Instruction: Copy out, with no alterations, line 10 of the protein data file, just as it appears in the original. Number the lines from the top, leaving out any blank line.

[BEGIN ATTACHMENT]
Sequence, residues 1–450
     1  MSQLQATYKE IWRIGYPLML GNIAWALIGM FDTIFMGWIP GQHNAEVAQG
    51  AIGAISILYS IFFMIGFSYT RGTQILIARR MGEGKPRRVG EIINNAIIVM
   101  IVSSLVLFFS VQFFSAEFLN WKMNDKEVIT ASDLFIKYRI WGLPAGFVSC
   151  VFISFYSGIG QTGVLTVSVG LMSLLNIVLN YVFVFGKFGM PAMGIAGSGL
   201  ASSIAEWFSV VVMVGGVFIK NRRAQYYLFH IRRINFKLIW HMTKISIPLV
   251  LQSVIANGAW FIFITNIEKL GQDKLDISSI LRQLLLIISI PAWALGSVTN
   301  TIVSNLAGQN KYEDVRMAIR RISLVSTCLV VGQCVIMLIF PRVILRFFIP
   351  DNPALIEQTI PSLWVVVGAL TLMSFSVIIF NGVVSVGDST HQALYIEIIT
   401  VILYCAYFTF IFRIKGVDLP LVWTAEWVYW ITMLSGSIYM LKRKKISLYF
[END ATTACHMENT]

   401  VILYCAYFTF IFRIKGVDLP LVWTAEWVYW ITMLSGSIYM LKRKKISLYF